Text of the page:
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Mikaela Shiffrin goes for Killington World Cup three-peat

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Mikaela Shiffrin shared some of her favorite racing memories with 60,000 spectators in Killington, Vt., between the last two seasons. The world’s best Alpine skier can create some more on Saturday and Sunday.

Shiffrin headlines Vermont’s third straight year hosting a World Cup weekend, the first eastern stop in the U.S. since 1991, with live coverage on NBC, NBCSN and NBC Sports Gold’s Snow Pass.

NBC Sports Alpine coverage this Saturday and Sunday also includes men’s speed races in Lake Louise, Alberta.

Day Time (ET) Event Platform
Saturday 9:30 a.m. Women’s GS Run 1 Gold, NBCSports.com
1 p.m. Women’s GS Run 2 NBCSN, Gold
2 p.m. Men’s Downhill NBCSN, Gold
3 p.m. Women’s GS* NBC
Sunday 10 a.m. Women’s Slalom Run 1 Gold, NBCSports.com
1 p.m. Women’s Slalom Run 2 NBC, Gold
2 p.m. Men’s Super-G Gold, OlympicChannel.com
3 p.m. Men’s Super-G* Olympic Channel

*Delayed

Killington quickly became one of the most attended events on the World Cup — women or men — rivaling those in Austria.

Shiffrin, who has family in New England, deserves much credit. Since the first Killington races in November 2016, she has blossomed into a two-time World Cup overall champion and earned her second and third Olympic medals in PyeongChang.

In 2016 in Killington, Shiffrin matched a World Cup record with her 10th straight slalom win. It was her first time competing in front of then-95-year-old maternal grandmother, Pauline Condron, who lives in Massachusetts.

“I’ve never been prouder of doing anything than winning a race in front of my Nana,” Shiffrin said then.

In 2017, Shiffrin notched a statement victory in the Killington slalom. She came to Vermont having lost to Slovak Petra Vlhova in the previous two slaloms and her dominance in the event in question. On that Thanksgiving weekend, Shiffrin routed Vlhova by 1.64 seconds, winning the first of five straight slaloms.

This early season has gone about to plan.

Shiffrin finished third last month in the opening giant slalom, considered her second-best discipline after the slalom (though she took GS gold in PyeongChang, where she was fourth in the slalom.) Then last Saturday, Shiffrin captured the season’s first slalom in Levi, Finland, for a third time, and the reindeer prize that comes with it.

That put Shiffrin at 44 career World Cup wins. If she sweeps the Killington GS on Saturday and slalom on Sunday, she ties Austrian Renate Götschl for fourth on the women’s all-time list, trailing only Lindsey Vonn (82), Annemarie Moser-Pröll (62) and Vreni Schneider (55).

She can also move within one of Marlies Schild‘s record 35 career World Cup slalom victories if she three-peats in the Killington slalom on Sunday. Vlhova, runner-up in Levi, is among the chief rivals looking to delay Shiffrin’s pursuit.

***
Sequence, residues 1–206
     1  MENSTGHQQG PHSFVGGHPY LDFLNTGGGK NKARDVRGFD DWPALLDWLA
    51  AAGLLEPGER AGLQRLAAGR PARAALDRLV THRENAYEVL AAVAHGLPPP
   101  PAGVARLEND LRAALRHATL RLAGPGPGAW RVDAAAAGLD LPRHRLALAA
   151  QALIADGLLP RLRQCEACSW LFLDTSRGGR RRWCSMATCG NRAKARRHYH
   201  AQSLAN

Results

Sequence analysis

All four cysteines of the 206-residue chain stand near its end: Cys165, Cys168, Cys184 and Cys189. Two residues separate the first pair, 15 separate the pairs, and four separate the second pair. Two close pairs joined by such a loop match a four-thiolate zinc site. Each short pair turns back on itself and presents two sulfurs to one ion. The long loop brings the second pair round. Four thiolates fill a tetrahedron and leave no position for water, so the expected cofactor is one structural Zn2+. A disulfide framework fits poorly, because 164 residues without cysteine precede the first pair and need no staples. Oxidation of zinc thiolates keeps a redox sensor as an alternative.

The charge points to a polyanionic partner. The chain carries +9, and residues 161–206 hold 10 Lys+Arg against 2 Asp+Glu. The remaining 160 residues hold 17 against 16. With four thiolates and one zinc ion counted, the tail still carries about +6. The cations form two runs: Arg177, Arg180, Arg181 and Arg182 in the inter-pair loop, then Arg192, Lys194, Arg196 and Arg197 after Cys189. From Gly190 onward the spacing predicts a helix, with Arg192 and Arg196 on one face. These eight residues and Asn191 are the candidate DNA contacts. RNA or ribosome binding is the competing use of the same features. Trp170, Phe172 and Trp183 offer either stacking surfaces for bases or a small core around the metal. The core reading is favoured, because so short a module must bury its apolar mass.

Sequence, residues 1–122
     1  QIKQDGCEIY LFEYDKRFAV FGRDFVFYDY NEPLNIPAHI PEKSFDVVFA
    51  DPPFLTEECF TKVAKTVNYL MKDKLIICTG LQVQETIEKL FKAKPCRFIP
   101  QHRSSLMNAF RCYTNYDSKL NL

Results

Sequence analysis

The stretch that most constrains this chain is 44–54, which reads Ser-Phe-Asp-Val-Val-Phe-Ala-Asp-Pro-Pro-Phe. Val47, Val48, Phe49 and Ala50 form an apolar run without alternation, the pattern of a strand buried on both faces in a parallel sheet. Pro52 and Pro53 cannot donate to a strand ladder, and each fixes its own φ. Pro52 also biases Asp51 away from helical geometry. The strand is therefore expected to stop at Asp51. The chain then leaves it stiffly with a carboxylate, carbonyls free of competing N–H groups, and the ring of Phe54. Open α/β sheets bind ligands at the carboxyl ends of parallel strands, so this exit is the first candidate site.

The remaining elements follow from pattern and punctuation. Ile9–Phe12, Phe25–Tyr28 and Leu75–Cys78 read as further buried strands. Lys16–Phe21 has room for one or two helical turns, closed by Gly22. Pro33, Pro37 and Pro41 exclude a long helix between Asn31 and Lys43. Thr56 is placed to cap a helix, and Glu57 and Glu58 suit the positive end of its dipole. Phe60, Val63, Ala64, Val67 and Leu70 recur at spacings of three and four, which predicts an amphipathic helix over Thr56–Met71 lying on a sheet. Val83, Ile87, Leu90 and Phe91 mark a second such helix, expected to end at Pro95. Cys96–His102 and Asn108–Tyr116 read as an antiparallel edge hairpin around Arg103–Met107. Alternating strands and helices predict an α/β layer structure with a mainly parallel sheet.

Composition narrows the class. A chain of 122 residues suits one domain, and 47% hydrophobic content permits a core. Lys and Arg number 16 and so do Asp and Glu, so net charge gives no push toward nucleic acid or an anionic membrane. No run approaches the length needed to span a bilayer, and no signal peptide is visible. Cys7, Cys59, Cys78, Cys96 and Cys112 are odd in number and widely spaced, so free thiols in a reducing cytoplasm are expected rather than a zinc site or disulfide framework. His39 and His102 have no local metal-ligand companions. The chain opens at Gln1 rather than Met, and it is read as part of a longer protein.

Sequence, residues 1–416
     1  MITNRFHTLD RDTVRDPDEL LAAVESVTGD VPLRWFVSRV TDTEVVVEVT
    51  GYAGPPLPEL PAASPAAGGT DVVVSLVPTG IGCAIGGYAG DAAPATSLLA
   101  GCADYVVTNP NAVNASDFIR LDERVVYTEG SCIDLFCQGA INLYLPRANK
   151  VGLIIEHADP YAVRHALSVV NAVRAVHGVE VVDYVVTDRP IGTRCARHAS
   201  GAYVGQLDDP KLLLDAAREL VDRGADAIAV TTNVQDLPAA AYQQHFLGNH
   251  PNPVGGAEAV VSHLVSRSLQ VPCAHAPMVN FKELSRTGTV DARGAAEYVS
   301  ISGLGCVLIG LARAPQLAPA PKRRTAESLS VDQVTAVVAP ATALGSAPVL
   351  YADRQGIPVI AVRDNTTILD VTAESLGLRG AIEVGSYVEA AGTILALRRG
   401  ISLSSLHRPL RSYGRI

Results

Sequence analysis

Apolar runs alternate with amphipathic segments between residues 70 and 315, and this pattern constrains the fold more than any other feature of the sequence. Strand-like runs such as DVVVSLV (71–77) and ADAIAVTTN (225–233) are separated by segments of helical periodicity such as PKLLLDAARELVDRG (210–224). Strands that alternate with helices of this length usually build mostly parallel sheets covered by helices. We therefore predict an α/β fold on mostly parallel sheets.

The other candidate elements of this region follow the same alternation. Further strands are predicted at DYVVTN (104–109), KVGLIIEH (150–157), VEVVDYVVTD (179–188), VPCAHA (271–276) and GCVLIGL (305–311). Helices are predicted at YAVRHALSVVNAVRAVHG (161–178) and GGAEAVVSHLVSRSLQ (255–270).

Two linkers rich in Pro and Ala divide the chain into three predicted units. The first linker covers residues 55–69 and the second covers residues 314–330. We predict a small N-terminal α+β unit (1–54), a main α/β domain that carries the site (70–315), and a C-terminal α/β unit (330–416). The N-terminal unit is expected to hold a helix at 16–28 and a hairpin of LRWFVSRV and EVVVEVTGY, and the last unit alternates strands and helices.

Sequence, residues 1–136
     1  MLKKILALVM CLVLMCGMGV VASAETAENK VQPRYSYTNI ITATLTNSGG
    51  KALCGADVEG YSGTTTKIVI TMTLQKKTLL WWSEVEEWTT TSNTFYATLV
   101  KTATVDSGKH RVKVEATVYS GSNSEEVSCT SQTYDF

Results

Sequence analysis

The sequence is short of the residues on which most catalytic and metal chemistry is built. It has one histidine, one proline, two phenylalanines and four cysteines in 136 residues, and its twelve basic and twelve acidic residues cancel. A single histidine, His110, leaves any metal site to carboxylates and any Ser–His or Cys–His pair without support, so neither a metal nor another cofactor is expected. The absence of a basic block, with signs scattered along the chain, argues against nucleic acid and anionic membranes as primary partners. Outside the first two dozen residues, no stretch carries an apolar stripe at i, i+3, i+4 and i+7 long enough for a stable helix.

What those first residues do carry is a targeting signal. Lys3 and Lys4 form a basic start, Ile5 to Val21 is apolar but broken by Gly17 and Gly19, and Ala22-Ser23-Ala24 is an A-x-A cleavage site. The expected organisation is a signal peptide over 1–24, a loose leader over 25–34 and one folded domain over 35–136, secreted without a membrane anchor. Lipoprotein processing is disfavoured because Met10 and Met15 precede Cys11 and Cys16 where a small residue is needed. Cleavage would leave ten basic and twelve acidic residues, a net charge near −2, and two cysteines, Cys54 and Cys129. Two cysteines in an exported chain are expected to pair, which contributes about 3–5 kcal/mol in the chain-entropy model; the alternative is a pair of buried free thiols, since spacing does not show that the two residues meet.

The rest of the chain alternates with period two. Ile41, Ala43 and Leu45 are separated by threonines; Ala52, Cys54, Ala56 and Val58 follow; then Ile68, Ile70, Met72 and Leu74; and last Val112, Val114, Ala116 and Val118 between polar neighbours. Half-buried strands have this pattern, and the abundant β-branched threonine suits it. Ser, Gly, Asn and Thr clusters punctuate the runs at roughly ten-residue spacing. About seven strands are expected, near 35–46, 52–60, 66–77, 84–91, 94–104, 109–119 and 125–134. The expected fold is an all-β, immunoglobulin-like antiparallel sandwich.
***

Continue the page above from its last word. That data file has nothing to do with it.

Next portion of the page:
Shiffrin is 23 years old. When Vonn was 23, she had 13 World Cup wins.

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MORE: Alpine skiing season TV schedule

2020 French Open women’s singles draw, results

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If Serena Williams is to win a record-tying 24th Grand Slam singles title at the French Open, she may have to go through her older sister in the fourth round.

Williams, the sixth seed, could play Venus Williams in the round of 16 at Roland Garros, which begins Sunday.

Serena opens against countrywoman Kristie Ahn, whom she beat in the first round at the U.S. Open. Serena could then get her U.S. Open quarterfinal opponent, fellow mom Tsvetana Pironkova of Bulgaria, in the second round.

If Venus is to reach the fourth round, she must potentially get past U.S. Open runner-up Victoria Azarenka in the second round. Azarenka beat Serena in the U.S. Open semifinals, ending the American’s latest bid to tie Margaret Court‘s major titles record.

Venus lost in the French Open first round the last two years.

The French Open top seed is 2018 champion Simona Halep, who could play 2019 semifinalist Amanda Anisimova in the third round.

Coco Gauff, the rising 16-year-old American, gets 2019 semifinalist Jo Konta of Great Britain in the first round in the same quarter of the draw as Halep.

The field lacks defending champion Ash Barty of Australia, not traveling due to the coronavirus pandemic.

Also out: U.S. Open winner Naomi Osaka, citing a sore hamstring and tight turnaround from prevailing in New York two weeks ago.

FRENCH OPEN DRAWS: Men | Women | TV Schedule

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2020 French Open men’s singles draw, results

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Rafael Nadal was put into the same half of the French Open draw as fellow 2018 and 2019 finalist Dominic Thiem of Austria, with top-ranked Novak Djokovic catching a break.

Nadal, trying to tie Roger Federer‘s male record 20 Grand Slam singles titles, could play sixth-seeded German Alexander Zverev in the quarterfinals before a potential clash with Thiem, who just won the U.S. Open.

Djokovic, who is undefeated in 2020 save being defaulted out of the U.S. Open, could play No. 7 seed Matteo Berrettini of Italy in the quarterfinals before a possible semifinal with Russian Daniil Medvedev.

Medvedev is the fourth seed but is 0-3 at the French Open. Another possible Djokovic semifinal opponent is fifth seed Stefanos Tsitsipas of Greece, who reached the fourth round last year.

The most anticipated first-round matchup is between three-time major champion Andy Murray and 2015 French Open champion Stan Wawrinka. In Murray’s most recent French Open match, he lost in five sets to Wawrinka in the 2017 semifinals.

FRENCH OPEN DRAWS: Men | Women | TV Schedule

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